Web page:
Even amid tight supplies of COVID-19 vaccines, a striking aspect of the first month of rollout is the widespread resistance to immunization despite a pandemic that has claimed millions of lives.
The Pew Research Center released data in early December showing that while the share of Americans who said they would be vaccinated had grown, it had only reached around 60%. A few weeks later, the Kaiser Family Foundation reported that 27% of respondents said they “probably or definitely would not get a COVID-19 vaccine even if it were available for free and deemed safe by scientists.” A recent poll reported by The Wall Street Journal found that 27% of New York state residents say they still don’t plan to get the COVID-19 vaccine. And the United States is not alone. Polls have found that as much as 60% of the French population does not want to be vaccinated. These figures are especially worrisome since experts have estimated life will not go back to something like normal until 70%, or even 80% of the population is immune.
Those who resist immunization have mentioned several reasons for their stance. Politics and some minority groups’ skepticism of medical science, arising from a history of disparate treatment and unethical research, play a role. So does the rationale among some younger candidates that because they are more likely to experience mild or asymptomatic COVID-19, getting vaccinated is not worth the trouble or the risk of even relatively minor side effects. To them, the chance that they may spread the deadly coronavirus to more vulnerable populations is someone else’s problem.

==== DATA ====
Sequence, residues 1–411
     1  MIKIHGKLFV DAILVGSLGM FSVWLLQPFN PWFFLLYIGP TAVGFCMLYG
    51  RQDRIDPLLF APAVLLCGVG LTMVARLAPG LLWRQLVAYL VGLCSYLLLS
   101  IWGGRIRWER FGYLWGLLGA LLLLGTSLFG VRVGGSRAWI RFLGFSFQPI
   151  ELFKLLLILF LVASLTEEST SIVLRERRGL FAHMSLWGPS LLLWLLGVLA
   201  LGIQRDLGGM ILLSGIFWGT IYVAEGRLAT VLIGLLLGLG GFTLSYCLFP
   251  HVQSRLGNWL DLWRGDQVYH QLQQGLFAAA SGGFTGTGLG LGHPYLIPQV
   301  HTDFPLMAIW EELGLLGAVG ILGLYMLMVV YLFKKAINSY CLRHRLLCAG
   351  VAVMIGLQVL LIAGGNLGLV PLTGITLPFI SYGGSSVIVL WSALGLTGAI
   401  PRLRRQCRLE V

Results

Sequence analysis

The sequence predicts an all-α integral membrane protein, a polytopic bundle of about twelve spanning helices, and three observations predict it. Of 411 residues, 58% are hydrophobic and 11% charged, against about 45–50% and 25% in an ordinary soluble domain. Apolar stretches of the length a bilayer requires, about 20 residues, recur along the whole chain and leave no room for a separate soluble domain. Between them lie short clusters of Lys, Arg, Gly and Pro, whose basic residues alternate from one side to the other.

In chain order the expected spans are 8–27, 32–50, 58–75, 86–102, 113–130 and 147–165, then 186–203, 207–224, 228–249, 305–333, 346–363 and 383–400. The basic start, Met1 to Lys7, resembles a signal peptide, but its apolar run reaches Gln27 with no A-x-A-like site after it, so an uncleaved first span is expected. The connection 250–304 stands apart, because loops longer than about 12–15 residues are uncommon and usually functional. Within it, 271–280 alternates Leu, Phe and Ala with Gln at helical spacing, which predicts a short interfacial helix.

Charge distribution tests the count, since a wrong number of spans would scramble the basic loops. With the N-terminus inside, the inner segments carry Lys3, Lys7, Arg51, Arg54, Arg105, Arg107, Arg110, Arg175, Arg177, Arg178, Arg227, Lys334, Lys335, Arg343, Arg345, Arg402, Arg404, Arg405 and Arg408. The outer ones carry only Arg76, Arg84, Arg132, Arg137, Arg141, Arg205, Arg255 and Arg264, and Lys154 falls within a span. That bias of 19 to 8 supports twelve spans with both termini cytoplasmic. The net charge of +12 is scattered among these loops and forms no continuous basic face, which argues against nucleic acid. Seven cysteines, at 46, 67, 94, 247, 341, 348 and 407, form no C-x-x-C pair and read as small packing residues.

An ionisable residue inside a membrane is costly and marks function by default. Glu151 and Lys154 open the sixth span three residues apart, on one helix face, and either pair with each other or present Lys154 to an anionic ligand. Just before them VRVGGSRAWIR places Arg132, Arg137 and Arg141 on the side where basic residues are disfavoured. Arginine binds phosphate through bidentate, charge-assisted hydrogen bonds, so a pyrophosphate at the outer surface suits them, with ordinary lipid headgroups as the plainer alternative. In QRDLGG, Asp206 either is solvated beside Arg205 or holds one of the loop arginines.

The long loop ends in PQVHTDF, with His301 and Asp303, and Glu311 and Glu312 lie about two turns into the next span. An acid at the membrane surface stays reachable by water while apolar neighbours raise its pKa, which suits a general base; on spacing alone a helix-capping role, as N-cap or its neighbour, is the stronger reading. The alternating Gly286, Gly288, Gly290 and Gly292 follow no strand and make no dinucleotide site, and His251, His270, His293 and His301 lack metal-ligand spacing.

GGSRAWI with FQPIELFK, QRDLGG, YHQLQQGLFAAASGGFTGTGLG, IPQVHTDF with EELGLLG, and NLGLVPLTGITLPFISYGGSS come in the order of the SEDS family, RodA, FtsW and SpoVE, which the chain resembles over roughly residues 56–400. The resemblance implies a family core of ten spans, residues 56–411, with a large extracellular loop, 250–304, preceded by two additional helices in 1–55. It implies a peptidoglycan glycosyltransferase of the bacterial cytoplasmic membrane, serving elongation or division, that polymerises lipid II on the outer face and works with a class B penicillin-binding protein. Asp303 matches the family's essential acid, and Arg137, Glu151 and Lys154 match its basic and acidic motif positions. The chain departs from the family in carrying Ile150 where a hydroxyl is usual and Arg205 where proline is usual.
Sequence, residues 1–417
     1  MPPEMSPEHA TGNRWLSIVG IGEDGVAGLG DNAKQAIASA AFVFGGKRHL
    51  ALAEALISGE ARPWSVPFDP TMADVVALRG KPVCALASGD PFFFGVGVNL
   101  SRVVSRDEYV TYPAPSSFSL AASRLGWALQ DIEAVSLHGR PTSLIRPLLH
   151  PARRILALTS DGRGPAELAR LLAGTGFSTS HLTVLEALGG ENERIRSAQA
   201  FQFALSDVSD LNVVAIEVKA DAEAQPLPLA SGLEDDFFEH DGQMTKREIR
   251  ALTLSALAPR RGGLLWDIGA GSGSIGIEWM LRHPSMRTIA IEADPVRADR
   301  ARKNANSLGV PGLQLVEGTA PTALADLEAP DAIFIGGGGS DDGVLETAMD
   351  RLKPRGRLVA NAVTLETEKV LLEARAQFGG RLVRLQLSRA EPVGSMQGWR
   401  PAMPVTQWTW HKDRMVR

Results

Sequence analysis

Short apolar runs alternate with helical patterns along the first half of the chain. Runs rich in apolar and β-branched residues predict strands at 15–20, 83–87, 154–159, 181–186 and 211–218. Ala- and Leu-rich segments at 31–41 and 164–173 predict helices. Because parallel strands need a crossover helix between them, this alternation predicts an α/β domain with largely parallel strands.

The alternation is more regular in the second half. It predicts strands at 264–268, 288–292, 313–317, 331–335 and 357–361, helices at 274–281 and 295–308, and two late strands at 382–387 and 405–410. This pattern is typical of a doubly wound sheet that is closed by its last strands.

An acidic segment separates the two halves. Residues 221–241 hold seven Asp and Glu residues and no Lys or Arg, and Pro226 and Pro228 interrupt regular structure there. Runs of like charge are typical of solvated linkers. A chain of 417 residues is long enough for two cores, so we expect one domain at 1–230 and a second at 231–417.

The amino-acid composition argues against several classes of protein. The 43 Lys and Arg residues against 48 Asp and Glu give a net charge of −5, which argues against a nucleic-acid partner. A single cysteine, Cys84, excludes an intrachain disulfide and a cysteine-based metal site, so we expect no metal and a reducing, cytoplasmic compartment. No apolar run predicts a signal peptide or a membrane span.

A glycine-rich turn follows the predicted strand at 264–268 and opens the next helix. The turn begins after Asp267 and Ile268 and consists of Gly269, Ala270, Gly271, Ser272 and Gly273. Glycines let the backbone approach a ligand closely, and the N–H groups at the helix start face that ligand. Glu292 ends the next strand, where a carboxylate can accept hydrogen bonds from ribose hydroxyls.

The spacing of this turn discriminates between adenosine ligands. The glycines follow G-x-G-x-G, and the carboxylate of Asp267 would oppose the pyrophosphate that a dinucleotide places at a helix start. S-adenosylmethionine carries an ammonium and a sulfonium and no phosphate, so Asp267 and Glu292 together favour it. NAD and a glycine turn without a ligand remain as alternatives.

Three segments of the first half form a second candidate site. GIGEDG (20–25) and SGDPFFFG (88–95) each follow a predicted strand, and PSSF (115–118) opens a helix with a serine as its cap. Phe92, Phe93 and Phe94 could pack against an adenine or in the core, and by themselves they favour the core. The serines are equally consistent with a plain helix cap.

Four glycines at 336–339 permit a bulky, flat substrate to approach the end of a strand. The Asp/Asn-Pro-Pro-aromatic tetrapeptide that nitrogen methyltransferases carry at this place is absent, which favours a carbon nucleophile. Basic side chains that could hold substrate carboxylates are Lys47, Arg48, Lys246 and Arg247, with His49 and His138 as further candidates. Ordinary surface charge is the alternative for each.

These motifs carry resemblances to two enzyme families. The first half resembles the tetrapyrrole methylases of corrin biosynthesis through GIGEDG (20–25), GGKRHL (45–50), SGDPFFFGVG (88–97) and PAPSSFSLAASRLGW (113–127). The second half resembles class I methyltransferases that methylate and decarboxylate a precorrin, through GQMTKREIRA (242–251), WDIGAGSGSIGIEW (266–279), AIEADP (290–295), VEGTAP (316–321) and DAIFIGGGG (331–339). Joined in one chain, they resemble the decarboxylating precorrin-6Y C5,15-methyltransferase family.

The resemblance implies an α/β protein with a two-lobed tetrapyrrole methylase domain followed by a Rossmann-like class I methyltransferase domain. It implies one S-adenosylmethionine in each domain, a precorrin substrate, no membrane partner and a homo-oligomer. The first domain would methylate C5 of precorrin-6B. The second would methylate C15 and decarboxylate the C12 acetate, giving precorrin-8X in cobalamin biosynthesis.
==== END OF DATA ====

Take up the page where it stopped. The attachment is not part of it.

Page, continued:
Authorities in North America and Europe, in particular, are fighting this tide of anti-vaccination sentiment as the death toll and hospital caseloads mount. There is even a startlingly high level of vaccine reluctance evident among medical professionals who are on the front lines of the fight against COVID-19. It is entirely irrational, but nonetheless real.
One possible factor that I have not seen mentioned – but which may deserve to be part of the conversation – is the role of an often cynical, years-long campaign to raise suspicions about genetically modified agricultural products. This campaign had roots in European protectionism and global anti-corporatist and socialist economic theory. Those involved told consumers that they should demand to know when their foods might contain, or even have been in contact with, genetically modified organisms. The implication was that ingesting GMOs might be bad for you and the people you love.
For a long time, America was a notable holdout. Our government policy was that the final product should be tested for safety; how it was made was not relevant. But in 2016 the U.S. government under the Obama administration caved, with a law requiring labeling of foodstuffs containing GMOs. The Trump administration published final rules implementing the legislation two years later. Those rules injected at least a modicum of sense into the discussion by eliminating the requirement for labeling when the GMO in question was just a source for a highly refined ingredient. For example, high fructose corn syrup from GMO corn might be used as a sweetener in candy or soft drinks. The rules do not require labeling those products if there is no detectable modified genetic material in the final product.